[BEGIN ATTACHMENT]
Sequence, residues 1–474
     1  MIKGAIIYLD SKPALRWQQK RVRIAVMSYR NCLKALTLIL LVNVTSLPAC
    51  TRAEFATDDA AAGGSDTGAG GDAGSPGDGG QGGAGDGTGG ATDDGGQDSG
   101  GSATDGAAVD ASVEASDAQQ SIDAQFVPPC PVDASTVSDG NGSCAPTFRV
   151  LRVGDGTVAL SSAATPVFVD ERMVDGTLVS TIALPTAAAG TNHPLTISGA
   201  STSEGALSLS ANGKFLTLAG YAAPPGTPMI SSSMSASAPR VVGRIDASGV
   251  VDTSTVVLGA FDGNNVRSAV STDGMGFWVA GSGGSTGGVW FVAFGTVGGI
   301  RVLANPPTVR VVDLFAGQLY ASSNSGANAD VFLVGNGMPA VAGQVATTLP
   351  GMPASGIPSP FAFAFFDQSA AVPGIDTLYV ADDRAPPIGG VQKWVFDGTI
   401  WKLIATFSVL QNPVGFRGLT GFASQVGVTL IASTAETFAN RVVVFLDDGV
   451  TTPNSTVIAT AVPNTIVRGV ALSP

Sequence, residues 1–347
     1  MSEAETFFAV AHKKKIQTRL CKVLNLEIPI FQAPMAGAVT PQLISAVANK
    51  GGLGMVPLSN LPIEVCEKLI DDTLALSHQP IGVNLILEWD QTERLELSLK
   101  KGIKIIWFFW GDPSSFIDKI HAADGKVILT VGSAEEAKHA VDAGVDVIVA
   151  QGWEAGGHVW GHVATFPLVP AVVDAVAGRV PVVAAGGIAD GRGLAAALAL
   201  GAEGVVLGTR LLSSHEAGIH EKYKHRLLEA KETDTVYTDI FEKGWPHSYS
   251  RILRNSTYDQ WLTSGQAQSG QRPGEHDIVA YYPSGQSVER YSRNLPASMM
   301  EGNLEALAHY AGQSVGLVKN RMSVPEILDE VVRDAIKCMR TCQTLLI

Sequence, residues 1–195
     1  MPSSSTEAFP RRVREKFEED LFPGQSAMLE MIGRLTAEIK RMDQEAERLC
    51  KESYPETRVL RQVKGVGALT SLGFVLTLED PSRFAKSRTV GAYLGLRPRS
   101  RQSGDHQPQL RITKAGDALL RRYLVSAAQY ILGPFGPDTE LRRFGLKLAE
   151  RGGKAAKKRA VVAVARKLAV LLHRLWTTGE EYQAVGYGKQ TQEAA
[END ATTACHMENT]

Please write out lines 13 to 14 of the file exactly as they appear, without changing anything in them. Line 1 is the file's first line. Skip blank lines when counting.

     1  MSEAETFFAV AHKKKIQTRL CKVLNLEIPI FQAPMAGAVT PQLISAVANK
    51  GGLGMVPLSN LPIEVCEKLI DDTLALSHQP IGVNLILEWD QTERLELSLK